Personally, I live 1200 miles away from all 3 of my sisters, my parents, and 3 of my 4 brothers. (the other brother lives right across the street, with his wife and daughters) This usually doesn't bother me in the every day rhythm of life. I've never been one to be homesick, and the distance suits me just fine.

Except for major life events (and the occasional holiday). Then the distance bites.

A death. A birth. A surgery. An illness that won't give up. That's when my family and close friends need my presence, my physical assistance, a tangible expression of my care and concern, and I am nowhere near. That's not cool.

It's also not cool that while I'd love to jump in the car and drive the miles, to lend a helping hand with meals, cleaning, and child care, generally, that isn't a feasible option.

Through trial and error, and keeping my ear to the ground, I've found that there is still stuff I can do, even from afar. Some costs me time, and some cost me money, but all tell my people that I care, even though I can't be there. And, these things are possible because the internet has made the world smaller.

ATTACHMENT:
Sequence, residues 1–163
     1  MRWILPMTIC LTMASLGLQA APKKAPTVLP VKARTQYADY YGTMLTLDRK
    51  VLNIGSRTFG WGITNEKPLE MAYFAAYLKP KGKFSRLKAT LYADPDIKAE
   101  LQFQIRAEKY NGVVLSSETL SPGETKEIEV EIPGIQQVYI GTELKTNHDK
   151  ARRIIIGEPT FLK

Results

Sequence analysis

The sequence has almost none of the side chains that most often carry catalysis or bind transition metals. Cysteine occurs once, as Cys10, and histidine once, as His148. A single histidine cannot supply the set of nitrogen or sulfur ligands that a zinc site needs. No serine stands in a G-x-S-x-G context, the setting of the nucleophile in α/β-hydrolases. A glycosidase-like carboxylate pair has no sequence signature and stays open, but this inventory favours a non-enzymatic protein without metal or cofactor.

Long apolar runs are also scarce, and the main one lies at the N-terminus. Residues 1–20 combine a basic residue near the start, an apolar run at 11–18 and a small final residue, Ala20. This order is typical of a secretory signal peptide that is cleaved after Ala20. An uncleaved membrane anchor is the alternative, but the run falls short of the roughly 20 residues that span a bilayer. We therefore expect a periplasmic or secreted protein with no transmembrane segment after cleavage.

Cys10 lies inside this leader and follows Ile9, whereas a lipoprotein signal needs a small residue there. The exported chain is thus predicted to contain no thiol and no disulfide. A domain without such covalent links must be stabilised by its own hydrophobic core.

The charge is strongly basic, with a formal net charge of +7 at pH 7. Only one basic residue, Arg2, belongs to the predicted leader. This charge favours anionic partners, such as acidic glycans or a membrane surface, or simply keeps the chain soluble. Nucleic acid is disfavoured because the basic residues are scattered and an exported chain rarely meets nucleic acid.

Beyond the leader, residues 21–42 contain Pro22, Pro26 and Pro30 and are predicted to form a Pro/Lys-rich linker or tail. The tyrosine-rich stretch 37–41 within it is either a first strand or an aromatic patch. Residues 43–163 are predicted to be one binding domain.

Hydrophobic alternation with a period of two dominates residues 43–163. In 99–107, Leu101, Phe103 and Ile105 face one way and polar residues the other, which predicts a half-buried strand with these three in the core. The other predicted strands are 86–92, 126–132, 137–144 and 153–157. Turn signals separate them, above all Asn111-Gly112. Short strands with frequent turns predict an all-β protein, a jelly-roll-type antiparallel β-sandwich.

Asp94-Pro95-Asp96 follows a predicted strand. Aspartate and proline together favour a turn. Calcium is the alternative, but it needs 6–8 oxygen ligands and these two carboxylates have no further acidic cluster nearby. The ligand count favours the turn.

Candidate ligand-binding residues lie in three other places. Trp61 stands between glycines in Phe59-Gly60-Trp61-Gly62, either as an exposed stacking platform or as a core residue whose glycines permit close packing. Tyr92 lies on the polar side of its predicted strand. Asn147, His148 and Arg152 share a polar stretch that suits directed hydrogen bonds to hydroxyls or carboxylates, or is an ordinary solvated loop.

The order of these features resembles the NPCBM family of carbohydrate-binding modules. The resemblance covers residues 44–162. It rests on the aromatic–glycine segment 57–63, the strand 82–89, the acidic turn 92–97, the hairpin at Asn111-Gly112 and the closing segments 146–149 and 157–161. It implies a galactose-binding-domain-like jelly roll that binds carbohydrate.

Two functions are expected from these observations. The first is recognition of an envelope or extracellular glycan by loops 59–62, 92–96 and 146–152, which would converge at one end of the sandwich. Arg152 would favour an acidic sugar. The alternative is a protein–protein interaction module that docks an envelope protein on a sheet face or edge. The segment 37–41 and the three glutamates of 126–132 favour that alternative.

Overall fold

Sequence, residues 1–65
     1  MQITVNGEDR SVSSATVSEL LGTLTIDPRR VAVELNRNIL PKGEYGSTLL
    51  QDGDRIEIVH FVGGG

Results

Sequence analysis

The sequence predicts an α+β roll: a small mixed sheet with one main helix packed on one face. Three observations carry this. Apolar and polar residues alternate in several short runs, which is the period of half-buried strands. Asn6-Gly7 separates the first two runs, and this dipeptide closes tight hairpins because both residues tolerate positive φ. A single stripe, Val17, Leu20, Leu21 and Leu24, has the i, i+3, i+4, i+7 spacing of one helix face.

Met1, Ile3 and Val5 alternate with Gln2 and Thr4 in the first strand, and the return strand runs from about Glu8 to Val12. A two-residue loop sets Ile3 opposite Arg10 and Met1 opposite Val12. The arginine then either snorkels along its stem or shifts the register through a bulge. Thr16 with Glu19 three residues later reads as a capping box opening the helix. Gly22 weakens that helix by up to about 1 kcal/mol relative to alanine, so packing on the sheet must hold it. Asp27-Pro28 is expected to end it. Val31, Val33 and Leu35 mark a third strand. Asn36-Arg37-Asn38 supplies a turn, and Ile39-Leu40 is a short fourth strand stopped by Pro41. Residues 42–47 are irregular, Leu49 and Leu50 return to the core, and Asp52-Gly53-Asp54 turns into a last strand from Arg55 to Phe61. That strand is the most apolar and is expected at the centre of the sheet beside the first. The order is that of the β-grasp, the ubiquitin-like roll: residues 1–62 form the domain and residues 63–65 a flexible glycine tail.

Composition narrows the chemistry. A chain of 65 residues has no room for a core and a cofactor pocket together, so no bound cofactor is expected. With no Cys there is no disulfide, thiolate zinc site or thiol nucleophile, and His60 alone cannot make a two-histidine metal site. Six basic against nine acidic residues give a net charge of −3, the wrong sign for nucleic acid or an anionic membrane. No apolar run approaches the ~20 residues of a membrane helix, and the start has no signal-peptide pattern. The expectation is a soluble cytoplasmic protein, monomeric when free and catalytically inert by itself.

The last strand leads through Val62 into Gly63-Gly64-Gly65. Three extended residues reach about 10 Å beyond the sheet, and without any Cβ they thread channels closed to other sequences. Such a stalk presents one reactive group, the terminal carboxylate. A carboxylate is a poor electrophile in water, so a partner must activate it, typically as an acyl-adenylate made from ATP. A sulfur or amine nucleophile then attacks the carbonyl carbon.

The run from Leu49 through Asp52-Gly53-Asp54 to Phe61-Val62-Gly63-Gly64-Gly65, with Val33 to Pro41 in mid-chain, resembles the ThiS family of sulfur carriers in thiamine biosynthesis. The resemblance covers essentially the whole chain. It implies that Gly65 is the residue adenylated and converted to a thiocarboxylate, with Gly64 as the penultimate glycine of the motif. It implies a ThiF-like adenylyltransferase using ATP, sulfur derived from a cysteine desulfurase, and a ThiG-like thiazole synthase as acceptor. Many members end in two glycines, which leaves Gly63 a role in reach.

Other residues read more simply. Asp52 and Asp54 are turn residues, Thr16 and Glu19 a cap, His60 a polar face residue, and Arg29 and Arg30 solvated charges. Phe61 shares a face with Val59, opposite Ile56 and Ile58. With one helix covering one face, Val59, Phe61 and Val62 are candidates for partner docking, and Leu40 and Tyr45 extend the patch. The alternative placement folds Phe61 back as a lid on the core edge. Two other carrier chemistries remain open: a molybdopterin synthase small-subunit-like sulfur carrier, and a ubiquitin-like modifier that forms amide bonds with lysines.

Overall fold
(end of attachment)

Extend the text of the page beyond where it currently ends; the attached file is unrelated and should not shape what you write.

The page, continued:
1) Send a note or a card. This only costs the price of a stamp and a few minutes. And it means so much. Emails have almost replaced hand written letters. That is such a tragedy! Basically the only things I get in my mailbox are bills, advertisements, and an occasional check (hey, I'm not complaining about that...). But, it still is thrilling to me when I actually receive a card or letter in the mail. It makes my day. It makes my week! A letter or card is something that you can read, and re-read, and it brings sunshine every time. So, write that person a note. It is a very tangible way to say you care and you are thinking of them.

2) Order a meal. I don't know about you, but growing up, bringing a meal in was the way to help a new mom, the grieving, or someone who just had surgery. Bring on the jello salads and lasagna!

But, how can you bring a lasagna to someone 1200 miles away?

Well, you can't.

But, the beauty of the world wide web is that almost every restaurant has a website, and a whole lot of them let you order online. From franchises to the Mom & Pop's around the corner-it's all accessible online.